Bronchitis can be acute and chronic. While acute bronchitis is usually caused by infection (viral or bacterial) and is a temporary condition, if its symptoms remain more than 2 months, it is deemed chronic.
The trachea is a part of the airway system, supported by cartilaginous rings that open to let air in and out. When these rings collapse (they lose their rigidity and/or strength and as a result they get flat) they cause the so-called tracheal collapse. This is a progressive disease, most common in toy breeds like the Pug, the Yorkshire Terrier, the Miniature and the Toy Poodle, the Chihuahua. If you think that your dog may suffer from this condition, you should monitor him/her closely as additional symptoms are usually present, i.e. vomiting, coughing, wheezing...etc. Tracheal collapse is perceived as an extension of chronic bronchitis.
The treatment of trachea problems may feature both medication and preventative care.
Dyspnea or the so-called shortness of breath is a condition that prevents the lungs from expanding. As a result, they can not get enough oxygen into the bloodstream which leads to breathing problems. You may hear your pup gasp and his/her gums may get blue, white, or pale. Additional signs that may suggest that your pup is having breathing problems are related to his/her body posture, i.e. he/she is trying to keep his/her neck outstretched.
Initial treatment may feature: providing oxygen, taking out fluid from the chest cavity, doing tracheal intubation, inhalation, keeping the pup hydrated, treating any bacterial infections if present.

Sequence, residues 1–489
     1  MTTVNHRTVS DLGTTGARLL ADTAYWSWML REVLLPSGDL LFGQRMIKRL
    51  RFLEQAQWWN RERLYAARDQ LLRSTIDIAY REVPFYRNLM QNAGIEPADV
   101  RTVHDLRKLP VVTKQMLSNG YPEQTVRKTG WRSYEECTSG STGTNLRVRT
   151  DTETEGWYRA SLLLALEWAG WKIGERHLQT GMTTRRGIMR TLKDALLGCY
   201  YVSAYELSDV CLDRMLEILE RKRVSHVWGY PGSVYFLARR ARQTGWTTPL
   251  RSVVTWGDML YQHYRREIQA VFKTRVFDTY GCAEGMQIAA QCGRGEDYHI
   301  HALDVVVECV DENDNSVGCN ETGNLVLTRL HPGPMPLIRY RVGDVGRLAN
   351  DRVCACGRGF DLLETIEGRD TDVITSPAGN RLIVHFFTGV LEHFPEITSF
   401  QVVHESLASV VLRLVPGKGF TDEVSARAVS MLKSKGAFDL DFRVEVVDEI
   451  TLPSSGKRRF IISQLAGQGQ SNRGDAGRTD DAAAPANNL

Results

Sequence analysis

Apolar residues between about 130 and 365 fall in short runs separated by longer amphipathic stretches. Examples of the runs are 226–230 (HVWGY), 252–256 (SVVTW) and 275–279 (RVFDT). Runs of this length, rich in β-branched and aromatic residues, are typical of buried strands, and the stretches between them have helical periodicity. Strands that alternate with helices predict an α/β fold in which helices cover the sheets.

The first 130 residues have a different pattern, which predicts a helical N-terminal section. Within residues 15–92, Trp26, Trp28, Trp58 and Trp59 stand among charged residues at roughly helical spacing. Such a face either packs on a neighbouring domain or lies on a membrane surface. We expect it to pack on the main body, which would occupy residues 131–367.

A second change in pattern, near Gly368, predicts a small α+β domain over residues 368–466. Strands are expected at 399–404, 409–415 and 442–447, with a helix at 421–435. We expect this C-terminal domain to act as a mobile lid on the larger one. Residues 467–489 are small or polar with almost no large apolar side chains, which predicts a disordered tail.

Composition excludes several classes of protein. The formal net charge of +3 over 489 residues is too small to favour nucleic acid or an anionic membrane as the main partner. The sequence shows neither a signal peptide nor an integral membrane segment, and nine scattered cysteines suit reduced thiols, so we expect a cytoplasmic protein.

Fast breathing can be a sign of congestive heart failure. This disease is characterized by fluids that build up in the dog’s body and put pressure on the lungs. Accompanying symptoms can be panting, experiencing fatigue, having difficulties breathing or breathing very rapidly, coughing, and having blue gums.
Medication to correct the heartbeat or prevent fluids from build-up may be prescribed. Also, surgery may be administered.
Other Reasons for Rapidly Breathing
If your dog is greedy, he/she may have swallowed non-edible items or human food, which is potentially dangerous for dogs. Certain types of food such as chocolate, garlic, onion, chives, macadamia nuts, avocado, xylitol, corn on the cob can be harmful for your paw friend. If you think that your dog may have eaten something toxic for him/her, you should call a veterinarian immediately. We always recommend that you keep human food which is potentially dangerous for your dog locked and always supervise your paw friend while outdoor.
Side Effects of Medication
Sedatives and pain relievers can lead to breathing problems in your paw friend. In most cases these medications do not lead to labored breathing (when used properly), however, if your dog has an allergic reaction, heart issues, anemia or internal bleeding, breathing problems may occur.